Greetings and salutations everyone and welcome to another blog here on BlueCollarBlueShirts.com. Welcome to what feels like day 1000 of “Eichel-Watch” – an NHL media event that feels as never-ending as the OJ Simpson murder trial from the mid-1990’s.
If you’re only here because you saw Jack Eichel’s name in the headline, I won’t waste your time. Simply put, there’s no new news on that front. Everything is pretty much the same since my last blog entry on this site. While I don’t know if this is a case of the old proverb of “no news is good news” ringing true or not; for right now, no one knows what Eichel’s immediate future will be.
And one more time on this site – I just want this to be over with, one way or the other.
I 100% understand that all of the Eichel talk can be both overwhelming and nauseating. However, I don’t mind talking about a hockey story. If there’s one topic I can do without these days, it’s all the talk about COVID-19, masks, vaccines and everything else related to that. I bring this up, because at least for Ranger fans and for fans of other NHL teams – it’s looking like that you’ll need proof of receiving a vaccine to attend NHL games next season. Warning: this will be one topic you’ll see discussed in-depth during this blog.
And if you’re someone who loves going on Rangers road-trips like I do – you will 100% need a vaccine to attend games in Canada next season. Heck, as an American, you’re not getting into Canada without one.
Without diving too deep into the political waters here, it does feel like that for the first time ever (or at least in my lifetime) that everyone and anyone are allowed to have an opinion regarding others own personal health and medical decisions. Whether it are the Buffalo Sabres denying Jack Eichel from getting the surgery he wants, to NHL arenas wanting to see your medical history – well it’s just different times than what many of us are used to.
Of course, I can understand why the Sabres want control over a serious procedure on one of their players, especially with the money they’re investing and have previously invested into Jack Eichel. In addition, and as I’ve said in the past – attending NHL games is a privilege and not a right. After all, you don’t have to attend games, as you can watch them at home if you don’t want to play by the NHL’s rules. That said, it does feel like we’re living in different times than what we’re used to, which was always going to be the case as a result of the aftermath of a world-wide pandemic.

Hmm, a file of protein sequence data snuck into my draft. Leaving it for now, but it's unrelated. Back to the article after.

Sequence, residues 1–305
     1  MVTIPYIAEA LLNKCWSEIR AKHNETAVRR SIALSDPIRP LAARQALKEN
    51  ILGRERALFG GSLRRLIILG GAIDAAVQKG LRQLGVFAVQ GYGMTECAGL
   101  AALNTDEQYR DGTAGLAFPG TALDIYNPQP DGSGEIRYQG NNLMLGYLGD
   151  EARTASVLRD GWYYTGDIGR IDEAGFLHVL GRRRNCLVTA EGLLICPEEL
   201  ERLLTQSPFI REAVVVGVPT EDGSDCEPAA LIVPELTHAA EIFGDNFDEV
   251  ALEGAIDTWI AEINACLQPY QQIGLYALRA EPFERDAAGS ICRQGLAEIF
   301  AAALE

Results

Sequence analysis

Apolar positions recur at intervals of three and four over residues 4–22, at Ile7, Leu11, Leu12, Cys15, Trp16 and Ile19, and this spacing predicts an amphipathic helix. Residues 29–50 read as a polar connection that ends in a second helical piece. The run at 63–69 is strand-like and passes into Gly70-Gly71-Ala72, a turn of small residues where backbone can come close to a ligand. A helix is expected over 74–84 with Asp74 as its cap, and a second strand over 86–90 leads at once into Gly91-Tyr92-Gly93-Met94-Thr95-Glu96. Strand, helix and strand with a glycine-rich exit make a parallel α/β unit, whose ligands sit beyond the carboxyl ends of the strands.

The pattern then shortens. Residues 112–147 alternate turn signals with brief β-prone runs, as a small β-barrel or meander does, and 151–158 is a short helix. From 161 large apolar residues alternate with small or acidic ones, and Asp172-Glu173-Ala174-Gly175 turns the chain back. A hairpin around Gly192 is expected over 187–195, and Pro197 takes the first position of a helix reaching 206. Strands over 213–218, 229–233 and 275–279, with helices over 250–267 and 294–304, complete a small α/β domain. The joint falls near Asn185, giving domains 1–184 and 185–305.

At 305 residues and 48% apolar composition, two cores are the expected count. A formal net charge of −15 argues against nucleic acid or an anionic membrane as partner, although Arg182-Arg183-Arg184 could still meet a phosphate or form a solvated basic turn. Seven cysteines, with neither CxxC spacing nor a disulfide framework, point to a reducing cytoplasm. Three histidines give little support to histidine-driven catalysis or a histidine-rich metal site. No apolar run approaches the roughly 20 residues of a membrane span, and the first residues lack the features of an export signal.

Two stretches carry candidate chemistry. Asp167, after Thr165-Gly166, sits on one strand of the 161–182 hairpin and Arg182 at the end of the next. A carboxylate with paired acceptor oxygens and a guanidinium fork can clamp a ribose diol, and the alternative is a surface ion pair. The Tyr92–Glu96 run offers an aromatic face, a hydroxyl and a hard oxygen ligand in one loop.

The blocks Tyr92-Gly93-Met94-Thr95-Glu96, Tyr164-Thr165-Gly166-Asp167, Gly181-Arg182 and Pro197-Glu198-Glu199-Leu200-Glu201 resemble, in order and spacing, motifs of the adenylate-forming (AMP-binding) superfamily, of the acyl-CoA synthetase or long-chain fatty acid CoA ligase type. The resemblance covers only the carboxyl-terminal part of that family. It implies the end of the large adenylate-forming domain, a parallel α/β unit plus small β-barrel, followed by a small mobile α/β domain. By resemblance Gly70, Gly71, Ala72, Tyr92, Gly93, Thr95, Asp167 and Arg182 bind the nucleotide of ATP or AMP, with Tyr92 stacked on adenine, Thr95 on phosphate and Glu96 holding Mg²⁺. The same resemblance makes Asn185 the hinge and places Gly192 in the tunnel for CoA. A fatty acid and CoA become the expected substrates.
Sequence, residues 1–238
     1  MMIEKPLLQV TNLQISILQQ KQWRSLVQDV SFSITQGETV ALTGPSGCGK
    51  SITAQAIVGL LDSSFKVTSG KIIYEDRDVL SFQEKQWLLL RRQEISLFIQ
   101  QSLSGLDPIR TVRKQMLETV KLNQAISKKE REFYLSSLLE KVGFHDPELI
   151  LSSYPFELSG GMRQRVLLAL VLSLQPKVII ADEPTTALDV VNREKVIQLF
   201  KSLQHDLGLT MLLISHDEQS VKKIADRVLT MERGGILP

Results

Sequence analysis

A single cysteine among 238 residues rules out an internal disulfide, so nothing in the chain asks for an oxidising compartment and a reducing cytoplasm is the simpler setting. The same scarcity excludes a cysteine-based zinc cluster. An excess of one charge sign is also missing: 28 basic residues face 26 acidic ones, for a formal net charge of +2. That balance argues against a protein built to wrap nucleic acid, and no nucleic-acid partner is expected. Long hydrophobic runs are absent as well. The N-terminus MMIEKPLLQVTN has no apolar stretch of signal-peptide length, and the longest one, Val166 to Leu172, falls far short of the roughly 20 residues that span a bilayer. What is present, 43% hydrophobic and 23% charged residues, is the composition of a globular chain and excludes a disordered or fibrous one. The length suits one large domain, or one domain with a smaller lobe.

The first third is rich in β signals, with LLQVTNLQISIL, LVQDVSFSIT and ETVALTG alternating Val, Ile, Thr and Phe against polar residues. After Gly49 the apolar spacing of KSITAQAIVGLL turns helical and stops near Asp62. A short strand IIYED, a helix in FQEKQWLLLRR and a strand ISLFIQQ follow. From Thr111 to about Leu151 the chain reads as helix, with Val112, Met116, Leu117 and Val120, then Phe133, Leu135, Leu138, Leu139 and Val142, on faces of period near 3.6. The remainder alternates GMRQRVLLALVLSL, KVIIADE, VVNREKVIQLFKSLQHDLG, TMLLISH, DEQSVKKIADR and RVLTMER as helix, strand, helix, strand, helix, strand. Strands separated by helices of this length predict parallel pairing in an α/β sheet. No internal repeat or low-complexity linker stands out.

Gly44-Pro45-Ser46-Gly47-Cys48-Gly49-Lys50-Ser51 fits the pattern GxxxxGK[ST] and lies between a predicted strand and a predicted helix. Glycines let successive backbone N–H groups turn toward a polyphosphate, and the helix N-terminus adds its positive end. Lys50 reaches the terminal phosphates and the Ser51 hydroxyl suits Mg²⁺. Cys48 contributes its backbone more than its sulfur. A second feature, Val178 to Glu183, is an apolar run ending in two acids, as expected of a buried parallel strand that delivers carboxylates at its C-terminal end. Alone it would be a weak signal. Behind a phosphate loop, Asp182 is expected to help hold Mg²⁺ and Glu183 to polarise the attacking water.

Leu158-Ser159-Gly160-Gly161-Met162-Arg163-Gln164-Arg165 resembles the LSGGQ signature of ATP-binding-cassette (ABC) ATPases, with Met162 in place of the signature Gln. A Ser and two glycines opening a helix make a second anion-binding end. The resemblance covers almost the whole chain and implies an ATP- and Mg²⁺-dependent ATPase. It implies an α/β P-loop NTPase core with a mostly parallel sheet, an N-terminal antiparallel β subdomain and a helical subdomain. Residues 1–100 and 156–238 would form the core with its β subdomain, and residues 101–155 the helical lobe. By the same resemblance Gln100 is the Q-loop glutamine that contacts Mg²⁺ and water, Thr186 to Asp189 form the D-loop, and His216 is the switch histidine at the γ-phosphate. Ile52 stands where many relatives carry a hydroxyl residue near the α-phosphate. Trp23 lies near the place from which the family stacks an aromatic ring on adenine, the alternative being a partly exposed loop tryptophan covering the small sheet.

We have a few light Rangers news and notes to get into tonight. After getting through that, I’ll then wrap up tonight’s blog with a look at the six ex-Rangers now currently wearing the red and white for Carolina. And of course, I’ll also have a book update for you too!
However, before getting into everything and anything, as usual – the PLUGS segment.
Say it with me – here are my last few blogs in case you missed them:
BCBS For 8/1: Friedman’s Eye-Opening Interview with a Member of Jack Eichel’s Medical Team; Eichel’s Agents Lash Out, Kakko For Eichel Trade Idea Gaining Traction; Why & How This Trade Would Work For the WIN-NOW NYR, “Damaged Goods”, Rangercanes Add Stepan; Carolina Up to Six Ex-NYR, Evander Kane’s Wife’s Serious Allegations; Kane to be Investigated & More
BCBS For 7/30: Chris Drury and the New York Rangers Get Their “LEGION OF DOOM” Line; Trade For Ryan Reaves, Looking at Drury’s Recent Moves & Why This Reaves Signing Helps NYR, Carolina Continues to Collect NYR Alumni; Smith to Canes, Chytil Re-Signs, Eichel Watch & RIP to the Great Aaron Scott Davis
BCBS For 7/29: The Frenetic NHL Free Agent Frenzy; Salary Cap Continues to Destroy Franchises, Rangers Make Four Depth Signings; Eichel Watch Continues, NYR Alumni Update; Carolina aka The New Rangers South, The Never-Ending Tony DeAngelo Saga & His Trial/Press Conference, Duguay’s Affinity for Tequila, MAF, Georgiev, Lundqvist, NYR Can’t Be Done Yet & More
It’s been my assumption, that since Chris Drury and the Rangers haven’t done a press conference after the moves they made during the first week of free agency; then that means that the Rangers aren’t done making roster moves yet. After all, at the very least, the Rangers will have to make a decision on the future of Igor Shestyorkin.
As discussed last blog and on this site previously; one way or the other, Chris Drury will have to decide whether to give Igor a two-year bridge deal or try to lock up Igor long-term. Each contract has their pros and cons. On one hand, Drury could give Igor a cheap two-year deal and if something goes wrong, it wouldn’t be the end of the world. Of course, if Igor just continues his ascension as an NHL starting goaltender, Drury will then have to shell out the big bucks or risk losing Igor to free agency.